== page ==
Of the 20 streets locals shortlisted, he chose to work with St Peter’s Mount because it seemed representative of the city’s mix: getting by but not wildly affluent, with older, more longstanding residents next door to newer arrivals and young workers moving into flats created from the street’s original houses.

Oh, and those traffic cones. As documented in the first podcast, the street has recently been involved in a bout of “parking warfare” with not enough spaces to go round.

Lizzie Lawless

Braving this frontline, Scottee and his team have spent the past few months Whatsapping, Facebooking and knocking on doors to get to know residents: their lives, livelihoods and the kind of people they might like to meet.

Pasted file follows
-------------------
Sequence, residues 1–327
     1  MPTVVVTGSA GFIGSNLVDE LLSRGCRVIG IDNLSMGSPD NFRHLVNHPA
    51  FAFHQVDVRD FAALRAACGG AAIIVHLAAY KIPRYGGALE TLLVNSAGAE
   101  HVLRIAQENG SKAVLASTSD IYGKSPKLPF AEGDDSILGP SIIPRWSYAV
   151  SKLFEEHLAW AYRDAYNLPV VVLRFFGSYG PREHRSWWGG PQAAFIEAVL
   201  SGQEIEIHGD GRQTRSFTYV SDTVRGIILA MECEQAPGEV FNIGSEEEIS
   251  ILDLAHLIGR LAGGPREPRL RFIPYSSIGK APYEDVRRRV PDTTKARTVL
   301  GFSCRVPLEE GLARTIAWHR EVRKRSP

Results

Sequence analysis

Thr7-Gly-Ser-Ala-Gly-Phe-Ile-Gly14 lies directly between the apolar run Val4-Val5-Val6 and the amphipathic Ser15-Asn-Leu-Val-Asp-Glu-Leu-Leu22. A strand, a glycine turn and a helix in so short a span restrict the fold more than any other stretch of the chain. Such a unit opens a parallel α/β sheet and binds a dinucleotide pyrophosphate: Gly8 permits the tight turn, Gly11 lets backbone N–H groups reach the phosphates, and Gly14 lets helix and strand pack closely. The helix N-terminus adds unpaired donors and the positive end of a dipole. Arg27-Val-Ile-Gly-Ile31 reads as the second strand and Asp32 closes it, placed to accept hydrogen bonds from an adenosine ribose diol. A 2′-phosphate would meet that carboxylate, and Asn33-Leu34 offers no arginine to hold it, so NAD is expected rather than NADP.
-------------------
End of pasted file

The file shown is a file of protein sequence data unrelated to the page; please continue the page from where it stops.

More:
“I’ve boiled all of those down to one statement per house,” says Scottee – the same “personal ads” that are now printed on the red signs along the street and aim to encourage people to talk to each other, sometimes for the first time.

There’s been the odd closed door, says Scottee, but no bigger barrier than a healthy dose of local pride. “The first response was: ‘Leeds isn’t an unfriendly place.’ I had to remind people I’m not saying that. I’m saying we live in a society where we don’t talk to each other.” Once they’d got past that, he says, people got involved.

On the street, residents are beginning to chat to each other. A nurse on one side of the street has discovered a nurse who works at the same hospital on the other. Gin has been drunk. And for those still feeling shy, Scottee has popped some golden envelopes through doors, Willy Wonka-style, with words of friendly encouragement.

“No 6 is now talking to no 20. No 12 are contemplating who to talk to next,” he reports four days into the festival. “The conversation has spread across Leeds and people are visiting the street like a landmark. People want to move in!”

Meeting and greeting.
Lizzie Lawless
Meeting and greeting.